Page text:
Friday, March 04, 2011

Fatal Error by J. A. Jance (Mystery Book Review)

Fatal Error by J. A. Jance
More information about the book

Fatal Error by J. A. Jance. An Ali Reynolds Mystery. Touchstone Hardcover, February 2011.

Though this mystery's promising premise is set up early, there isn't much suspense involved, with the action not really ramping up until well into the second half of the book. Ali Reynolds, the series character, is largely absent from much of the investigation, a somewhat disappointing factor as well.

Read the full text of our review at Mysterious Reviews: Fatal Error by J. A. Jance.

Purchase Options: Amazon.com Print Edition | Amazon.com Kindle Edition | Barnes&Noble NookBook | Kobo eBook

Read the first chapter(s) of Fatal Error below. Use the Aa settings button to adjust text size, line spacing, and word density.

Protector by Laurel Dewey is Today's Featured Free Kindle Mystery

MystereBooks: Mystery, Suspense, and Thriller eBooks

MystereBooks is pleased to feature a mystery title that is currently available in Kindle eBook format for free from Amazon.com. We don't know how long it will be offered at this special price (typically only until a certain number of downloads have been completed), so download it today!

— ◊ —

Protector by Laurel Dewey
More Information About Protector by Laurel Dewey

Protector by Laurel Dewey
A Jane Perry Mystery (1st in series)
The Story Plane (Kindle eBook)
Download Link

About Protector (from the publisher): Denver homicide detective Jane Perry, a hard-drinking, street savvy investigator, possesses an almost psychic instinct for solving the most jarring homicides. But now, that intuitive insight has taken on an eerie twist. Ever since the murder of a family Jane and her partner were protecting, she has been plagued with disconnected images that predict events yet to happen.

One of Jane’s disturbing visions leads to nine-year-old Emily Lawrence, a child thought to have witnessed the brutal stabbing death of her parents but unable to remember anything about that horrific moment. The two characters fatefully come together, unaware that they share a mystical connection.

Mysterious Reviews: Mysteries Reviewed by the Hidden Staircase Mystery BooksRead our Review of Protector by Laurel Dewey at Mysterious Reviews.

Read the first chapter(s) of Protector below. Use the Aa button to adjust the display settings (font size, line spacing, word density).

Mystery Bestsellers for March 04, 2011

Mystery Bestsellers

A list of the top 15 mystery hardcover bestsellers for the week ending March 4th, 2011 has been posted on the Hidden Staircase Mystery Books website.

No change in the top three bestselling mystery books with The Girl Who Kicked the Hornet's Nest by Stieg Larsson again (and still) at the top. No new titles either; one, which debuted just off the list, moves up this week.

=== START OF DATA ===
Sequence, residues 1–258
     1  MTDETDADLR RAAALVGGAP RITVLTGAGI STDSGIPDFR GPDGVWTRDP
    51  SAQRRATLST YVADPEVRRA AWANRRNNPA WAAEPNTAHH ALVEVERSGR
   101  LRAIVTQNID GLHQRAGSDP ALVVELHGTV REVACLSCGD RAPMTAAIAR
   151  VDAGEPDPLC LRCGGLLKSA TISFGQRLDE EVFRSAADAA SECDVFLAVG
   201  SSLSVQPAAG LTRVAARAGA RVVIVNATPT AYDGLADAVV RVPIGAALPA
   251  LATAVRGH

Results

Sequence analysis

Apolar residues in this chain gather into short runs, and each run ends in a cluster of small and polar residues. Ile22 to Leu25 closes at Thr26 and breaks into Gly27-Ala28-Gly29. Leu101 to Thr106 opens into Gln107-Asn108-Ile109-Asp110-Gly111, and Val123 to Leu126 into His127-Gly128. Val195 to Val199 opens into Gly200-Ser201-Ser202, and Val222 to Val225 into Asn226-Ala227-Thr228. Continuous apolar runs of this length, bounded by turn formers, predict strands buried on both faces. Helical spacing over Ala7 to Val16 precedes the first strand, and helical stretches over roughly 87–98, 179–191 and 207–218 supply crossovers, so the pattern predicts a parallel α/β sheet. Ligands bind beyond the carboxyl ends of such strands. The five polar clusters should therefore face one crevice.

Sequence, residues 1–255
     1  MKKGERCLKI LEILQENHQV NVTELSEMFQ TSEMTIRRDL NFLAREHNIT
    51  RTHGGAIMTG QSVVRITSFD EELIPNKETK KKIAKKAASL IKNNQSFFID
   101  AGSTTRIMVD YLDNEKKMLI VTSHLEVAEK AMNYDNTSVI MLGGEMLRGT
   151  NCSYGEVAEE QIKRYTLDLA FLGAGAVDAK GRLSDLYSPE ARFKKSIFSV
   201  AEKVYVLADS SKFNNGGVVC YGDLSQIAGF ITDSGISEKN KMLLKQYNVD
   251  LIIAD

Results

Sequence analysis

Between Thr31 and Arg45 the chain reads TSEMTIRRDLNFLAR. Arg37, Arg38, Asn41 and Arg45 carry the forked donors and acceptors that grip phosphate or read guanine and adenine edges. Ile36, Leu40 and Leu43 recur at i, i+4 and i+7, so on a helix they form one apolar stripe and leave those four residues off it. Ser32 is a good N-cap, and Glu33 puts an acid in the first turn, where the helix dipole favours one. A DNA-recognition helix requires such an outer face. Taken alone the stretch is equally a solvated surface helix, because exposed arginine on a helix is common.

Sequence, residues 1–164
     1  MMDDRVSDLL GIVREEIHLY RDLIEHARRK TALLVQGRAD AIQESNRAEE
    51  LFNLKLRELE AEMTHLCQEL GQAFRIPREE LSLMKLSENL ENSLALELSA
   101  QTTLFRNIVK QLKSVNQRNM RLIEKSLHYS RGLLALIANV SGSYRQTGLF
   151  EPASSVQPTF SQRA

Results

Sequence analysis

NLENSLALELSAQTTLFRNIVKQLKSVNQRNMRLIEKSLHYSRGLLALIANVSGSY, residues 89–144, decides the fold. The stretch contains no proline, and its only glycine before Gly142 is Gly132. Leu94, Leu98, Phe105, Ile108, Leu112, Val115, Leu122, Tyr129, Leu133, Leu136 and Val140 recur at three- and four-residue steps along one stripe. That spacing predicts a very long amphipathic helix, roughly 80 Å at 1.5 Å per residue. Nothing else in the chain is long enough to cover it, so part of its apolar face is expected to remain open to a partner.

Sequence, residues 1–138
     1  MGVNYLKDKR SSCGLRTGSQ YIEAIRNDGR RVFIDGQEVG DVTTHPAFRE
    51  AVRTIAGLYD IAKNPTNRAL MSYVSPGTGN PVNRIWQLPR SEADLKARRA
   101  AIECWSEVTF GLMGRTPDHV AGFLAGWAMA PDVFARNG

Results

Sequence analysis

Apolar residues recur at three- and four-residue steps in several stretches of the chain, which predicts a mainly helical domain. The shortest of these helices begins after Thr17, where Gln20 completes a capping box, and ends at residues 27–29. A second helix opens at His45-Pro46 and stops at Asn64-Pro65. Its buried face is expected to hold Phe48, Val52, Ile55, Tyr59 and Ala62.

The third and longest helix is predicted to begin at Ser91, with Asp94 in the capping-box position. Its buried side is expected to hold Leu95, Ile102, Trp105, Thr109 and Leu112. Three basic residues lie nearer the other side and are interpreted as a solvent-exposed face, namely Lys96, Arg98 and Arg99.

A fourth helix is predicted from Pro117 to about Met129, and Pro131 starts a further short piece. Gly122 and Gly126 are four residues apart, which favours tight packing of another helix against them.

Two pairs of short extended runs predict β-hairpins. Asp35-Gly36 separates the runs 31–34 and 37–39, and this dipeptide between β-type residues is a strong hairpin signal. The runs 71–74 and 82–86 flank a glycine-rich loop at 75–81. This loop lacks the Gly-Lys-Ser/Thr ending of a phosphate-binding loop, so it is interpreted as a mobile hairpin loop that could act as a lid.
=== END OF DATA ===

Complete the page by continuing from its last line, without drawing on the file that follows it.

— ◊ —

Night Vision by Randy Wayne White
More information about the book

Doc Ford is on a collision course with death in Night Vision, the 18th mystery in this series by Randy Wayne White.

Much is going on in the trailer park known as Little Guadalajara, inhabited principally by illegal laborers. The park manager is the hired gun of a financial syndicate that wants to develop the property, and he's prepared to do whatever it takes-but he can't figure out what to do about the teenage girl, the one the laborers believe has some sort of gift.

When she witnesses him killing a man, though, and runs, there's nothing left to figure: He's got to find her fast and shut her up good. Her only hope for survival: a marine biologist (and sometimes more) named Doc Ford, who along with his friend Tomlinson, must undertake a search through an underground, invisible nation ... and just hope he reaches her first.

— ◊ —

The top four mystery bestsellers this week are shown below:

The Girl Who Kicked the Hornet's Nest by Stieg LarssonA Discovery of Witches by Deborah HarknessTick Tock by James PattersonTreachery in Death by J. D. Robb

Please visit the Hidden Staircase Mystery Books where we are committed to providing readers and collectors of mystery books with the best and most current information about their favorite authors, titles, and series.

Thursday, March 03, 2011

Kevin Spacey to Star in Television Series Project Adapted from House of Cards by Michael Dobbs

House of Cards by Michael Dobbs

Kevin Spacey is set to executive produce and star in a drama series project adapted from Michael Dobb's 1989 political thriller House of Cards, according to an article in The Hollywood Reporter. David Fincher (The Social Network) will direct the pilot, written by Beau Willimon.

House of Cards, the first in a trilogy of books by Dobbs to feature conservative British politician Francis Urquhart, was previously adapted for a 4-part BBC mini-series in 1990. The novel follows Urquhart as he schemes to become leader of his party, and ultimately Prime Minister.

The project has yet to be sold to a network.

The Adjustment Bureau Opens in Theaters Friday, March 4th

The Adjustment Bureau (2011)

The Adjustment Bureau, adapted from a short story by Philip K. Dick, opens in theaters tomorrow, Friday March 4th.